Council of Europe slams Spain for denying healthcare to illegal immigrants

Organization's Committee on Social Rights concerned about general slide on basic protection

The economic crisis has undermined social protection in Spain. The Council of Europe, which oversees respect for human rights in 47 countries on the continent, on Wednesday expressed concern over "regressive legislative developments concerning access to health care by foreigners illegally present in the country."

The conclusion is part of a wide-reaching report by the European Committee on Social Rights that examines whether national laws conform to the European Social Charter.

The 2013 conclusions, released on Wednesday, found that Spain was one of several countries that had regressed on social rights compared with earlier periods. Other states where healthcare, social welfare and occupational safety have been curtailed included Austria, France, Finland, Belgium, Bulgaria, Czech Republic, Denmark, Lithuania and Latvia.

Spain scored negatively on six out of 17 points that the committee investigated, including the decision to deny free healthcare to foreigners living illegally in the country, a general rule introduced by the Popular Party government of Mariano Rajoy with certain exceptions (minors, pregnant women and anyone with an infectious disease).

The countries found to have violated the charter the most were Albania, Georgia, Moldavia and Ukraine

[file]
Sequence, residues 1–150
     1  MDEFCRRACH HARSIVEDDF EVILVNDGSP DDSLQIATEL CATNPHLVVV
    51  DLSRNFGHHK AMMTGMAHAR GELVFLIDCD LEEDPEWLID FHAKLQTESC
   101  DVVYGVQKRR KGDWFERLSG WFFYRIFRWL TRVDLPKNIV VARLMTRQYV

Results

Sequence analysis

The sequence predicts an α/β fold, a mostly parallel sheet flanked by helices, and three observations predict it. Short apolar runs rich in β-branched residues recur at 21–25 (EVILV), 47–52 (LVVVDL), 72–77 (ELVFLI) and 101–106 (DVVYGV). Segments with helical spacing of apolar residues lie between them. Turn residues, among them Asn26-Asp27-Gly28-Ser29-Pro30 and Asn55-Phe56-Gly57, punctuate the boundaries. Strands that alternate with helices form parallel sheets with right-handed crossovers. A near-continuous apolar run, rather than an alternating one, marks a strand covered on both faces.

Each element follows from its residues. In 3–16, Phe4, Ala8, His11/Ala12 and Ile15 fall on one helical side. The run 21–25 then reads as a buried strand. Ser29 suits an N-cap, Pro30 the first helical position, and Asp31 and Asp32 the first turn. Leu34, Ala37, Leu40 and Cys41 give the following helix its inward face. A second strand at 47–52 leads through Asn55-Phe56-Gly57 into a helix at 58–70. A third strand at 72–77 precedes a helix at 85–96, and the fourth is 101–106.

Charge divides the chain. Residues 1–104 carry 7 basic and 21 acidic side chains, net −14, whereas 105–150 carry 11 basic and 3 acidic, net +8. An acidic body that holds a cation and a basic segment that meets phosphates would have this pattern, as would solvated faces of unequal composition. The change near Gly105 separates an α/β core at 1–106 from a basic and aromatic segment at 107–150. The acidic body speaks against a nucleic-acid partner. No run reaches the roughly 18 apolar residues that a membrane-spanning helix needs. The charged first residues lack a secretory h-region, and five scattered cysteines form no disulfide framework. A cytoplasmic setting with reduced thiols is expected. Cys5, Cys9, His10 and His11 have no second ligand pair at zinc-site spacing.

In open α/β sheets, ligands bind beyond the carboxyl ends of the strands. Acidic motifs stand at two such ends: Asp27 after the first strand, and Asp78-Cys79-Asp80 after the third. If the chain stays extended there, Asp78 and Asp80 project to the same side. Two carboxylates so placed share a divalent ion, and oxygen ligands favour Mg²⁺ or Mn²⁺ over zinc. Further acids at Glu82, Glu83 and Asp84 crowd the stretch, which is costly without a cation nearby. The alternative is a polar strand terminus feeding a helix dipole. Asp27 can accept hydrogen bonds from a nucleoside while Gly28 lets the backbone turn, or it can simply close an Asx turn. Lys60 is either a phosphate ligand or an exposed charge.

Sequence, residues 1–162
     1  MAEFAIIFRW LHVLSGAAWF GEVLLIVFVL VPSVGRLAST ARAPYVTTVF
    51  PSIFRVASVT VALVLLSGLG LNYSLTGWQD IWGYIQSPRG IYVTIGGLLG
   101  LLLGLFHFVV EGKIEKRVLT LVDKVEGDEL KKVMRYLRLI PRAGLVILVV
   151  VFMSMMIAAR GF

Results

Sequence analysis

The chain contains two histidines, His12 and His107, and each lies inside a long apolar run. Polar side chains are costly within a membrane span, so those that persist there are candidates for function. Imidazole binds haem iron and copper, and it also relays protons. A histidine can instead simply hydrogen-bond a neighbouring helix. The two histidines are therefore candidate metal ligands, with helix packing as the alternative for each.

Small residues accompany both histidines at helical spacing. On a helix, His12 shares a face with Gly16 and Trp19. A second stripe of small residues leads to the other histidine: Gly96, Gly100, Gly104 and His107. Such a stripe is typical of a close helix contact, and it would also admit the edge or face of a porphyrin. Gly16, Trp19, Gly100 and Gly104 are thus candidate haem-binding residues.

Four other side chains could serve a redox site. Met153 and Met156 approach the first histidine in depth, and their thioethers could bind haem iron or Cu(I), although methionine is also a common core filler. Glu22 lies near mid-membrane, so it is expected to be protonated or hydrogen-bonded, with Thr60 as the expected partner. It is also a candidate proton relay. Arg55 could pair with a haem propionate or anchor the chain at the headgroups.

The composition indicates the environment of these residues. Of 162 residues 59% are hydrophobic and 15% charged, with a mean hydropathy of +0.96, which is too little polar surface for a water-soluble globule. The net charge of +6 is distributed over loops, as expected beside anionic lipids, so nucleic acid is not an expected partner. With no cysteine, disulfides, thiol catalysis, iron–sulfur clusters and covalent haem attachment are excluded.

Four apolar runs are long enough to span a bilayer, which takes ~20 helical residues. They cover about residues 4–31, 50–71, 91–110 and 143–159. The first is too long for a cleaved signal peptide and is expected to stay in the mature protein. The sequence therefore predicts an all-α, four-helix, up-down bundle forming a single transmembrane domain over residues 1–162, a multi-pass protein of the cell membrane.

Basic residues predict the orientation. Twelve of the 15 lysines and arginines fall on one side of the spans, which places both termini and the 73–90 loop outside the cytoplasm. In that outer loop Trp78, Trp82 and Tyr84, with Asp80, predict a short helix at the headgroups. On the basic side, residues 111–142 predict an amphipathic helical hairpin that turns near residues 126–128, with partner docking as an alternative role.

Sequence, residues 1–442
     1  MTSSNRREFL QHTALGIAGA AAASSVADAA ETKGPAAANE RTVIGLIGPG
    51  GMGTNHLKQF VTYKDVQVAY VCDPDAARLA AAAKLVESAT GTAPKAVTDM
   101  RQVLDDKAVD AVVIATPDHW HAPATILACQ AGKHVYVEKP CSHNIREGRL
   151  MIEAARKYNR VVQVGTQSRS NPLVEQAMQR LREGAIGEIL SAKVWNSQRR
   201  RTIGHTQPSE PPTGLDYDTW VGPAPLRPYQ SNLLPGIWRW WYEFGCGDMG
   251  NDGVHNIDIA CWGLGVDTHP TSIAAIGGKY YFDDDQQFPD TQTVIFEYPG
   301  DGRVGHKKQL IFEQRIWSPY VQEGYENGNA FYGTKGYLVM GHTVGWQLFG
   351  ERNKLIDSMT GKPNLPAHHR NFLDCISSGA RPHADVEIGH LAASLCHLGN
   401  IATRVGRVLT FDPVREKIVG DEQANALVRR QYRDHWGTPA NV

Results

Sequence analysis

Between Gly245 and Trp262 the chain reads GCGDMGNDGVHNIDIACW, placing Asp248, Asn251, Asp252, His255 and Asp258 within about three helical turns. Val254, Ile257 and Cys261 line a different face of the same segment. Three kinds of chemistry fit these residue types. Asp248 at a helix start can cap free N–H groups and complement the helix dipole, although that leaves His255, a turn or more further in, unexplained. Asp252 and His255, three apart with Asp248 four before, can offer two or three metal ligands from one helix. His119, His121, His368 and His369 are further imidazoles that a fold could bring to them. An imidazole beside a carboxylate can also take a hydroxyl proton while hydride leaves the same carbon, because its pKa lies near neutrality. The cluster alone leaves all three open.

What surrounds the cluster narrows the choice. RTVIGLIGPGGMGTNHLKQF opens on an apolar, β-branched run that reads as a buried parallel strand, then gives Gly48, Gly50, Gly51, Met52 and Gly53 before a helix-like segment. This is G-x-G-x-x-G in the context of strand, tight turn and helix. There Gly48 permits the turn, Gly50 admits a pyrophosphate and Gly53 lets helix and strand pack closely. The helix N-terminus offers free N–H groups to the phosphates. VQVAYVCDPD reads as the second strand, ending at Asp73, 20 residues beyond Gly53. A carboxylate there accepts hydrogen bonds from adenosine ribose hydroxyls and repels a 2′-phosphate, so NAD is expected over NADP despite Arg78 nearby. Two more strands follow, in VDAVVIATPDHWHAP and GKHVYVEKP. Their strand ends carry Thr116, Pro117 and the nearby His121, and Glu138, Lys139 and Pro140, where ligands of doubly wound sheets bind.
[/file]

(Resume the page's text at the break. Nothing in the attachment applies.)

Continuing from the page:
"The economic crisis cannot serve as a pretext for a restriction or denial of access to health care that affects the very substance of the right of access to health care," the Council of Europe committee argues, noting that states have the obligation to provide assistance to citizens regardless of their residency status.

“They cannot be excluded. Both the central government and the regional authorities have the obligation to respect this criterium by the Council of Europe," said Luis Quesada, president of the European Committee on Social Rights, which conducts periodic surveys of states' compliance with the Social Charter.

The countries found to have violated the charter the most were Albania, Georgia, Moldavia and Ukraine, followed by two EU member states, Romania and Greece. “Figures have worsened considerably. It's a source of great concern to us. Social rights must be protected," adds Colm O’Cinneide, head of the 2013 report.

Besides restrictions on healthcare for undocumented migrants, the committee objected to other measures implemented by Spain, such as the minimum level of sickness benefit, which is "manifestly inadequate," or the basic subsidy paid to people without a minimum income: "In all autonomous communities and municipalities, except for the Basque country and Navarra communities, the level of social assistance paid to a single person is manifestly inadequate on the basis that the minimum assistance that can be obtained falls below the poverty threshold."

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